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Audrey Todd shares how a car accident changed her life forever

Audrey Todd (Photo credit: J. Lauryn Photography)

Audrey Todd is a mentor, minister and writer. The Chicago native has parlayed her life experience into to something that adds value to the lives of young people nationwide. Issues with abandonment, drug use and foster care could have easily led Todd down a different path. A car accident changed her trajectory. Rolling out spoke with Todd about her life, her book, The Kingdom Playlist, and some of her most challenging moments.

Talk about how your childhood helped shape you into the person you are now.

The sum total of who I am today was greatly influenced by my childhood. As a former foster youth, I was automatically deemed by society as an at-risk child. Meaning I was destined to become impoverished, uneducated, incarcerated and socially dysfunctional. I chose to break through those barriers and shift my perspective. Once I became aware of my power, the pursuit of my purpose became insatiable, which resulted in me changing my narrative.

Talk about how you changed your life after the car accident.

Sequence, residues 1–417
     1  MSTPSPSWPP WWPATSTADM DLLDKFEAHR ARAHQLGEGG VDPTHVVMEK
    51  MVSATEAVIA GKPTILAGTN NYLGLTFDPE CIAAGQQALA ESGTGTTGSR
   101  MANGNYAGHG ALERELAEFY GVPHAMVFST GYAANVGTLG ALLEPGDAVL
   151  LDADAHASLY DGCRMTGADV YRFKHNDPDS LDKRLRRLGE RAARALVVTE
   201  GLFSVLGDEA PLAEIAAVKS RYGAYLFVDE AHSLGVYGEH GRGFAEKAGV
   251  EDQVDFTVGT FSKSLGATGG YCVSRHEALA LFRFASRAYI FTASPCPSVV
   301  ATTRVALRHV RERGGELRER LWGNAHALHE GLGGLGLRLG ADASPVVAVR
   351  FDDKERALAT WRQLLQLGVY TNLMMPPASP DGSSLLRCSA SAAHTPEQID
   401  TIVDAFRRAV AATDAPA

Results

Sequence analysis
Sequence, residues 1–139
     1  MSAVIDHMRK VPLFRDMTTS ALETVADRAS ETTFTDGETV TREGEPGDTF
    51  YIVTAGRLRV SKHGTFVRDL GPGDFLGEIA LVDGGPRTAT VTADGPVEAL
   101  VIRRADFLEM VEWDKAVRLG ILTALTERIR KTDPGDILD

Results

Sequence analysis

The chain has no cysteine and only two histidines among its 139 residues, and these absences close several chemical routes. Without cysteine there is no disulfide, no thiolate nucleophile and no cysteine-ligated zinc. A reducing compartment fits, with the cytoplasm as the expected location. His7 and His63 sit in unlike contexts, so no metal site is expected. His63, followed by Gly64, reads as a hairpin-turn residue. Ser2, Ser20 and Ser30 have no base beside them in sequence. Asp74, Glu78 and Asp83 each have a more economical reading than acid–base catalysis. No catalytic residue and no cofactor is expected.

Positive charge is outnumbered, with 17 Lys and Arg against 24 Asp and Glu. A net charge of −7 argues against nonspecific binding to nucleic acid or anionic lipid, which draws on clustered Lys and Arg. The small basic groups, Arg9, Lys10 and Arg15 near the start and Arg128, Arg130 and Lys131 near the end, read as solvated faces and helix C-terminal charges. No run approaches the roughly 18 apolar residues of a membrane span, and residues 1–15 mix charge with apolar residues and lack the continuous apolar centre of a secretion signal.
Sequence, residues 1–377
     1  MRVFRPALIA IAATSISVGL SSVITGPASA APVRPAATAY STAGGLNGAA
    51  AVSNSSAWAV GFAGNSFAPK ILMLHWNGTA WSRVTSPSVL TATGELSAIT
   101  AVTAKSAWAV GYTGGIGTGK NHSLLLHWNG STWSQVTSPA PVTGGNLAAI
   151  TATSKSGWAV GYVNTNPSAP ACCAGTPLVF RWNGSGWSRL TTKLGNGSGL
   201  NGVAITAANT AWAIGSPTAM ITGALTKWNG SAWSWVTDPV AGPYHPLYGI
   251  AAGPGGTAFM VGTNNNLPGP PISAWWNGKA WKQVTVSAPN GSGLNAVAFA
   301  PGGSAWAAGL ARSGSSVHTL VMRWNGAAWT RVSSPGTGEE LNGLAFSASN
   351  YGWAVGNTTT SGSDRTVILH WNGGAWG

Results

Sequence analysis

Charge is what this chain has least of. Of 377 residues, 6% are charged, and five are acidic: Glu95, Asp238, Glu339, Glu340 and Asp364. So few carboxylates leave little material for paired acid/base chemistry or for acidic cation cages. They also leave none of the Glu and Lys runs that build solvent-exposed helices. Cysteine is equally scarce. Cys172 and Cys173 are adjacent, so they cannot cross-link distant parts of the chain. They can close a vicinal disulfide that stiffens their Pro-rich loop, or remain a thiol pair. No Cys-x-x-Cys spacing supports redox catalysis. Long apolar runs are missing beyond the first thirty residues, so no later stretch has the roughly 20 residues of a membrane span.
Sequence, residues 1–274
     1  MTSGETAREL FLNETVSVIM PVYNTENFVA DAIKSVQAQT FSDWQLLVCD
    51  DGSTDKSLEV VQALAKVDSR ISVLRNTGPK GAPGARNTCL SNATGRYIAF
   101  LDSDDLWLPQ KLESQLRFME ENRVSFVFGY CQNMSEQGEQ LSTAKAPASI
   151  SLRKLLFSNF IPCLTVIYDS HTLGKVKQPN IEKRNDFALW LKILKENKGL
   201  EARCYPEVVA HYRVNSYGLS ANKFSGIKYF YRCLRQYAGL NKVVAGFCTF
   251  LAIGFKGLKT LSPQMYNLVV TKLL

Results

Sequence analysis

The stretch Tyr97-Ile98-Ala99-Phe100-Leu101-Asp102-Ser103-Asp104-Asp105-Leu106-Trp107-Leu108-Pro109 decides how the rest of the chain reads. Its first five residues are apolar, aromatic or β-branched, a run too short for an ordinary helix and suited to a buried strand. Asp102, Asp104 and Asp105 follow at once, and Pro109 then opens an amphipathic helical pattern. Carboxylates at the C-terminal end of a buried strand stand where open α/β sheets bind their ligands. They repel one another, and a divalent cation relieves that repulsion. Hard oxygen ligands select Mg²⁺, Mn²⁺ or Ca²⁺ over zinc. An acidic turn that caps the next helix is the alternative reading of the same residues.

Prior to the accident, I wasn’t aware of my value, worth or purpose. After surviving the accident, it was evident my life had meaning and my purpose had not yet been fulfilled. My resolve from that day forward was to live above the stigma and help others to see beyond their past and not let it define them or influence their future.

What is the The Kingdom Playlist about and why is it important for you to share it?

The Kingdom Playlist is a 31-day devotional for Christian millennials. I saw the need for millennials to be reminded of the importance of staying true and diligent to their values and belief system yet still being significant within our culture. This book is the perfect framework that will inspire you to be bold, dauntless and unapologetically you.

Why is it important for you to work with older children in foster care?

These children are at increased risk of poor educational outcomes, experiencing homelessness, being unemployed and more prone to violence not to mention they are more transient than younger foster youth. It only takes one person to improve these odds for them.

What have been some of your most challenging moments?

For many years I struggled with overcoming the shame that was attached to me from childhood up to the mistakes that altered my life in adulthood. At one point, I felt undeserving of life and often used my past experiences as an excuse for my poor decision making and behavior. Today, I’ve finally found the beauty of forgiveness and am enjoying the peace that comes with loving yourself, scars and all.

What words do you have for those struggling during these times?
You are not this moment. Crises impacts us emotionally, your heart may be overwhelmed by feelings of frustration, anger, apathy, loneliness, and despair but, it’s in these moments [that] God is at work in and through the crisis. Stay in faith.